• What’s your biggest design failure?
  • What’s the most innovative and out-of-the-box designs you’ve made?

But there was one highlight of the interview. The interviewer did like one of my last responses about my biggest design failures. In the end, he said this to me:

Don’t be afraid to show your vulnerability. Because that’s when I truly get to know you as a designer. And showing it demonstrates a level of self-awareness that will take you far down the path.

So, here are some takeaways from the behavioral interviews: 

Over prep > no prep

I fell short on this. This behavioral interview was a slap on the face. Remember, write down all the common behavioral questions and rehearse your responses! Be prepared! Your confidence rises when you know you did your work!

Smile! Relax :))

Remember, the interviewer is a human too. Make the interview more conversational!

Ask thoughtful questions

This is crucial because it demonstrates your interests towards the position and company! Some of the questions I asked included:

  • What challenges might I encounter if I take on this position?
  • With the recent RDC 2021 conference and the major updates, what are some of the updates you’re most excited about?
  • Is there anything in my resume or background that could be concerning or I should address?

Design Challenge Deep Dive (45 min)

For this round, I went through my design challenge with a Senior UX Designer at Roblox.

My presentation took around 15 minutes. Then, the senior designer asked me follow-up questions. Afterwards, we chatted about Roblox and the future of the metaverse.

I thought this round went a lot smoother than the previous one, and here are some tips for the presentation:

Display final designs in the first few slides

This is my personal preference. But I like to show my final deliverables to let the interviewers know what to expect.

Present final designs with user in mind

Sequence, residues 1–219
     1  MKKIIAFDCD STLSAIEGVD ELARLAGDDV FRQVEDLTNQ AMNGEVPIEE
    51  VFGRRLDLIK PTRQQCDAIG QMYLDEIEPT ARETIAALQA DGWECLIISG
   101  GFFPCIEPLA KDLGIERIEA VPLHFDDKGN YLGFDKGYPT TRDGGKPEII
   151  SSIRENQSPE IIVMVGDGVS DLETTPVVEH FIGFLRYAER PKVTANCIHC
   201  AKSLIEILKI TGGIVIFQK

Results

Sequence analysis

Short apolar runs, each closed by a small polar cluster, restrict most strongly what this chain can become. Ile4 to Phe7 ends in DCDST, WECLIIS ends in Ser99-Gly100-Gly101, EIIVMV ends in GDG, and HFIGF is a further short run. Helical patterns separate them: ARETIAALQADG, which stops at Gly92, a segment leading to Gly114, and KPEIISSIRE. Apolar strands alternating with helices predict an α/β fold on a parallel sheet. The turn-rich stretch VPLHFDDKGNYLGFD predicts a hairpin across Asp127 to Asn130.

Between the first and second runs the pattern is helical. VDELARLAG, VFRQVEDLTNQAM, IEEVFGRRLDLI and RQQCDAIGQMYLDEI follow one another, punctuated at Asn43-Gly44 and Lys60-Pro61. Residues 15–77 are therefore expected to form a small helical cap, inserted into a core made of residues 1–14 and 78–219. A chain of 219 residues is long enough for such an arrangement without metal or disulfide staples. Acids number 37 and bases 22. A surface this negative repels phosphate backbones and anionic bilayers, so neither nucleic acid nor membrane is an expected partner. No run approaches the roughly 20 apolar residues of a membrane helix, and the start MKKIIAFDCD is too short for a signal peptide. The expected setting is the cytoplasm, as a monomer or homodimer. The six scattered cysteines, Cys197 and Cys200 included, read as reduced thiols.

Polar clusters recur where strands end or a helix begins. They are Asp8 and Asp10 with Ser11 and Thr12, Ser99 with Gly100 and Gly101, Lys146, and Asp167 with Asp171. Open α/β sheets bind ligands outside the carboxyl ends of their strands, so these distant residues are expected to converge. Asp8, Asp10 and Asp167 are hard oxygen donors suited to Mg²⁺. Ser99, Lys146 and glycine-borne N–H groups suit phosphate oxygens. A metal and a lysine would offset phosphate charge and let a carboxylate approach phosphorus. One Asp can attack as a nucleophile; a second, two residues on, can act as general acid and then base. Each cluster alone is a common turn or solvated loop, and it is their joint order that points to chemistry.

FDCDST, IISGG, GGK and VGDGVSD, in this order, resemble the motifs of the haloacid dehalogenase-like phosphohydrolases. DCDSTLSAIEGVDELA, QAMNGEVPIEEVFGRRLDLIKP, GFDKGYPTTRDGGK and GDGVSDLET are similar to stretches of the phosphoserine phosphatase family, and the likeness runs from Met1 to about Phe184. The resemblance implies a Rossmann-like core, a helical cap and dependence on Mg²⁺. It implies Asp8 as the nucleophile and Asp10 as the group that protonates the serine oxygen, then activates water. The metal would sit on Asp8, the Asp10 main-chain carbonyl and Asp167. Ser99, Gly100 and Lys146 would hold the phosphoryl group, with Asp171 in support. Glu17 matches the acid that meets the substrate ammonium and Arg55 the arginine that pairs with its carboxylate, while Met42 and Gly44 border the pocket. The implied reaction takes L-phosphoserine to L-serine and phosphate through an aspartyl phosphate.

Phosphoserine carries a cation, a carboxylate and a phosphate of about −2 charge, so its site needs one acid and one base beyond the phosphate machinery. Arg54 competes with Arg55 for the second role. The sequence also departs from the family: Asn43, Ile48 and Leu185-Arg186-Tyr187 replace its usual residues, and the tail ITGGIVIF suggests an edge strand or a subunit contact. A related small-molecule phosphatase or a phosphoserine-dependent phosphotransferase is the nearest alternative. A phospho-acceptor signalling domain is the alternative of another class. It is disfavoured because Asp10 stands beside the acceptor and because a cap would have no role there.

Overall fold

To do this is, envision your persona using your app/product.‍

Let’s imagine Michael is on the subway and has nothing to do. He then…

This can set the context and help the interviewer imagine what it’s like to use your app/product. Walk through how Michael uses the app! Remember:

Always come back to your personas and users.


After the final interview, I felt bad. I didn’t think it went well.

Still, I waited for around a month.

And on January 7th, I got this email from the recruiter:

I tried to stay calm. This has to be good right?

After an hour, I received a call, and I was offered the summer design intern role for Roblox!


Before I finish the article, here are some of the things you can do to increase your chances:

  1. Create a compelling portfolio and resume. This will increase the chances of getting a referral.
  2. Submit the application as soon as it comes out (Speed is king!)
  3. Reach out to Roblox designers/interns early in the recruiting season (early September or earlier). Learn more about the company and role. If it works out, you might get a referral!

And that’s a wrap!

Looking back, the application process was around one and a half month, which was faster than I thought.

One benefit of going through the application process is that I get to understand myself better as a designer. And I definitely felt that after the behavioral interview.

Anyways, I hope this article helps you in any way. For everyone who’s on the application grind, you got this!

Thank you for being awesome and reading this far :)